Enter Joe Fried, a CPA who runs an Ohio-based nonprofit, the Public Program Testing Organization, that studies the effectiveness of government programs. Fried has written a book on Social Security that contains a chapter on this scandal. “The book was the first time I’d looked into it,” said Fried. “I returned to it after the book, and the more I looked into it, the more it became a kind of crusade.” However, Fried was unable to get the Social Security Administration to take any action. Using the Texas Public Records Act, he launched his own investigation. He compiled a bevy of evidence that he turned over to the Inspector General of the Social Security Administration. That was enough for the Inspector General to launch his own investigation in October 2005.
In late January of this year the Inspector General released his report on the scandal. It was damning. The report estimates “that 19,212 individuals will receive $110 million in spousal benefits annually to which they may not be entitled. Over their lifetime, they will potentially receive about $2.2 billion in spousal benefits.” The report examines seven Texas school districts, finding that the “school districts collected approximately $7.4 million in fees from their one-day workers, while only paying them about $900,000.”
The report further noted that five of the districts had agreements with the Social Security Administration that precluded them from providing Social Security to part-time workers. The Inspector General was not impressed with the districts’ claim that the 1-day jobs were full-time jobs: “Although school district officials stated they hired the 1-day workers for full-time positions, we found there was no intent or expectation by either party that the employment would last longer than one day.”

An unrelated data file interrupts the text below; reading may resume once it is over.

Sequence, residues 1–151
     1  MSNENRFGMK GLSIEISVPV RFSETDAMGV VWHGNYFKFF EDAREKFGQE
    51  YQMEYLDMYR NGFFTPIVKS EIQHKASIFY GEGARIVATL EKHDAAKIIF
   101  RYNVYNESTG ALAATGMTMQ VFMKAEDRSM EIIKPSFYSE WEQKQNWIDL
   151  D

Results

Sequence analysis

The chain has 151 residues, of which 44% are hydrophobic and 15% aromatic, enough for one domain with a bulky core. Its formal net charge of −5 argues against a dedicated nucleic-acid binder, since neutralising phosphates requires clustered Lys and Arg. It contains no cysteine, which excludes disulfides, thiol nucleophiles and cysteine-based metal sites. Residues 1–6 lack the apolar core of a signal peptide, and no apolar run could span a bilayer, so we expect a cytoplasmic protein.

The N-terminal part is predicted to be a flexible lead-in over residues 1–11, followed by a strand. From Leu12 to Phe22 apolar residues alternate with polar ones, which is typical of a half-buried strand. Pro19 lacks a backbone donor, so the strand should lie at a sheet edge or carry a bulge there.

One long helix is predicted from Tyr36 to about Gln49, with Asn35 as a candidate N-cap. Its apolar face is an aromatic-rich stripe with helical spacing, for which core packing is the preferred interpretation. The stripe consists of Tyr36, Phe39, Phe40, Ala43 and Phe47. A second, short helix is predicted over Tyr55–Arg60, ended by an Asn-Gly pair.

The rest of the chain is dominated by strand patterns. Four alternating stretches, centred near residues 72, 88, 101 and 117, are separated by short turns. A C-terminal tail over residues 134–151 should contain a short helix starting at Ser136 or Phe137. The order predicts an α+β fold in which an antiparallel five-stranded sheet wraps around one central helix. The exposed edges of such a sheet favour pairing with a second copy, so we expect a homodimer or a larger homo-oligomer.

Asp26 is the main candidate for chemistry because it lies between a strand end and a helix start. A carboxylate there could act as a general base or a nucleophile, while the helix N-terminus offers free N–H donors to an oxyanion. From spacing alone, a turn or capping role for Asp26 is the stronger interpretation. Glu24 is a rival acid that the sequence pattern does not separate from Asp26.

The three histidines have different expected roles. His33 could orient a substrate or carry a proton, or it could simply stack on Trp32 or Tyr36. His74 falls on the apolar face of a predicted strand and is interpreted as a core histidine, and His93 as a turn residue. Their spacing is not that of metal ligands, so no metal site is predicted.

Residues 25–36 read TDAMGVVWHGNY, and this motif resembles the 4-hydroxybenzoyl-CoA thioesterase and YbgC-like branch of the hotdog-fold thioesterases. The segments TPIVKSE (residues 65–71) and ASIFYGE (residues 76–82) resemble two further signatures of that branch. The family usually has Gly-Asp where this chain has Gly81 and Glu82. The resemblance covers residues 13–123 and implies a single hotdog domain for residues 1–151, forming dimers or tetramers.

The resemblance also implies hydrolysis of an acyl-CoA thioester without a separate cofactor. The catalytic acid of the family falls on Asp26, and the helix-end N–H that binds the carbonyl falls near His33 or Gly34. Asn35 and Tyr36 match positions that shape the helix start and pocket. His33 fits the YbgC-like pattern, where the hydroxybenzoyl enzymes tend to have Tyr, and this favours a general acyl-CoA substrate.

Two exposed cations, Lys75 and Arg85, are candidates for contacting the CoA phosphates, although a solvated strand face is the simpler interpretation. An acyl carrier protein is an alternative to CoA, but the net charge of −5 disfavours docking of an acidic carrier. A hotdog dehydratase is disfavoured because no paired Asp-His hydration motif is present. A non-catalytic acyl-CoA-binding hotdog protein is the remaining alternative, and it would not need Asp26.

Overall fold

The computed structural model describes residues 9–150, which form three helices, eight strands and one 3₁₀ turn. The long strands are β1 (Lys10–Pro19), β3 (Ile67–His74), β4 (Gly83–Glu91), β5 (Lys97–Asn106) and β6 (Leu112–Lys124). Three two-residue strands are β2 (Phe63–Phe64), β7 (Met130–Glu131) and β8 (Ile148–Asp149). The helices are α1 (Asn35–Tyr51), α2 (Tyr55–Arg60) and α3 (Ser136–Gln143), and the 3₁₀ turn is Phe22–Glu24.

UNFORTUNATELY, THE OVERALL REACTION to this scandal has been a collective yawn. Other than a few press stories, the media have largely ignored it. No one in Congress is calling for an investigation. And the Social Security Administration seems determined to ignore its own Inspector General and sweep the matter under the rug. In an interview with the Waco Tribune-Herald, Social Security Administration spokesman Mark Hinkle “stressed the agency doesn’t anticipate finding problems.” (Neither Hinkle nor anyone else at the Social Security Administration returned calls seeking comment for this article.)
According to the Tribune-Herald article, the Social Security Administration will only review whether the school districts had valid participation agreements with Social Security. The agency will not investigate to determine if those agreements were misused or if individual teachers are receiving benefits they are not entitled to. “We’re not even getting down to that level,” Hinkle said. “We’re just looking at [the agreement] on file and seeing that everything is in order.”
Fried sees it differently. “Can you imagine if this was a private company?” he asks. “In the Tyco scandal, CEO Dennis Kozlowski stole $600 million from private investors, and the media and prosecutors were all over it. This is over $2 billion bilked from the taxpayers and no one seems to care.”
Fried also notes that a new Social Security Commissioner, Michael J. Astrue, was just approved by Congress. Says Fried, “Whether Astrue takes this scandal seriously is the first true test of his leadership.” Indeed, it is.